What is your next big trade?
What will be your next really important decision in the stock market? Does it apply to what percentage of your capital you should risk more or less immediately; in other words, what percentage of "dry powder" do you have ready for better conditions? Or is it about what this dry powder should consist of. Is a bank account an option? Or to repay loans? Or buy some kind of interest-bearing instrument, perhaps a corporate bond, preferred stock or a company with a high dividend - a bank, for example. Then, of course, there is always gold as an alternative...
However, gold has a
couple of big problems. The physical product is e.g. difficult to store. It
simply costs money to store the gold in a sufficiently secure manner. You
hardly want it at home, for example. If you buy gold, you also have an
opportunity cost in the form of what you pay for interest on your most
expensive loans that you could have amortized a little. USD-focused
institutional investors typically compare the cost of holding the gold to the
interest rate on a 2-month US Treasury bill. The difference is approximately
4.5% per year. If you have a positive belief in the gold price, e.g. based on
previous money printing and CPI inflation of 8%, one might think that should
compensate for the interest rate differential, but there is a difference
between an actual cost and a theoretical profit. Investors know that others
think the same; this means that the trend away from gold and into fixed income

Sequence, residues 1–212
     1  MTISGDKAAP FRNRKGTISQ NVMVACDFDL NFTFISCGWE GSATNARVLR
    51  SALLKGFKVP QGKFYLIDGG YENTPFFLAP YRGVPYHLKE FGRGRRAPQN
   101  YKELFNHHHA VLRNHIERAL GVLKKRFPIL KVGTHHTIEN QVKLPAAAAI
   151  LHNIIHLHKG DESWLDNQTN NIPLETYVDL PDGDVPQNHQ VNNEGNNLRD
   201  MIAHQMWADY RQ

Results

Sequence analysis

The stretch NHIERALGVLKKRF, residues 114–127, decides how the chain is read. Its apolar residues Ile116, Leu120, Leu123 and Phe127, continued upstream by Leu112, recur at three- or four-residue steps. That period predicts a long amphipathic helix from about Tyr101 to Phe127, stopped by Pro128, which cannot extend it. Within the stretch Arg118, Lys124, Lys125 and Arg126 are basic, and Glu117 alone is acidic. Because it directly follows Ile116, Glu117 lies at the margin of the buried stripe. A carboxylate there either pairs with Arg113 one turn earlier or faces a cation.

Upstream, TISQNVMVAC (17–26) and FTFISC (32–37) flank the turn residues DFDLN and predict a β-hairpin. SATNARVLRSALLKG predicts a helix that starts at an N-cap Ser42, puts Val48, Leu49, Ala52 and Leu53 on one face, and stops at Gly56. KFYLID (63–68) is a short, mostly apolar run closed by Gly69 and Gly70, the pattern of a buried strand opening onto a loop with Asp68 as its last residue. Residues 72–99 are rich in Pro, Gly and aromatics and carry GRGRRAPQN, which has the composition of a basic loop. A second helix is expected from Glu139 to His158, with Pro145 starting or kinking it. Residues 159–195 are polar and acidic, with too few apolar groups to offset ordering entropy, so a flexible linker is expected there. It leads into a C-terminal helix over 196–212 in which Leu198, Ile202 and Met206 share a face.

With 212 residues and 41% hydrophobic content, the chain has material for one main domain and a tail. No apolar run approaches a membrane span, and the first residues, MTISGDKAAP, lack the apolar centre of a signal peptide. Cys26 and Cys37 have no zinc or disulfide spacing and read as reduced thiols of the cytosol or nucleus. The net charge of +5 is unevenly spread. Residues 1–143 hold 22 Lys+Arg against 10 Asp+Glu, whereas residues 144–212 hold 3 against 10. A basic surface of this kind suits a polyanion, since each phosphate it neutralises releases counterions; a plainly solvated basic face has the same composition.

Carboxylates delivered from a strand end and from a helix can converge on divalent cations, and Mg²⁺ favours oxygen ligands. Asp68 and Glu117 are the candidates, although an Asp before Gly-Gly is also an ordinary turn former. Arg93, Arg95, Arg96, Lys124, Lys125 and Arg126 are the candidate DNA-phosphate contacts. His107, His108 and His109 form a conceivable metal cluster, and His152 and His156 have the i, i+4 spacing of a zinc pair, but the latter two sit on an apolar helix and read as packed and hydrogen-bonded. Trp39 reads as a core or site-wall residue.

instruments is rather reinforced.
The idea with the high interest rates is also that inflation should be pushed down, which speaks for an even worse calculation for gold in the near future. This makes investors even more likely to reduce gold holdings in favour of fixed-income investments, simply because of the price trend even though gold itself is clearly becoming cheaper, and even more rapidly gaining a lower portfolio weight.
If you look back in time, a little gold in the portfolio has resulted in a higher return than for shares alone, alternatively much lower fluctuations than for the stock market despite the same total return. An annual rebalancing to 10% gold and 90% S&P 500 has made the portfolio about 25% better, compared to stocks alone - so the standard deviation, the swings, have been that much lower. One cannot count on getting the same results in the future; because backtracking has its limitations. But one can rely on the intuition that a countercyclical, uncorrelated asset with inverse risk characteristics will over time act as a counterweight in a portfolio. This means in practice that you can buy more gold when stocks have done better one year, and then sell some gold when the stock market is relatively lower.
Over time you get more units of both gold and shares. It's a kind of free lunch that hides between the differences in asset classes.
Gold's biggest problem is that it doesn't produce anything. It's a rock. It just lies there. It does nothing, while the listed companies build factories and more and create values that are reinvested in even more growth in an explosive interest-on-interest process. On the other hand, listed companies are sometimes far too expensive and sometimes too cheap. You want to be able to sell when it is too expensive, park the money in something counter-cyclical and reliable in order to be able to buy many more shares when the companies become too cheap. That's what a gold investor can do now. So exchange some gold for more shares.
A kilo of gold (+19% last year) buys much more OMX units (-15%) today than a year ago. The dry powder in gold thus buys 40% more OMX now (1.19/0.85 = 1.40). This means that you get a much greater potential in OMX if the rise takes hold now. And about the development of both e.g. were to be repeated in the coming year, you can increase your holdings in OMX by another 40% per unit of gold and be even more ready for the future if the relative strengths were to reverse - which historically they have always done sooner or later. Usually quite "before".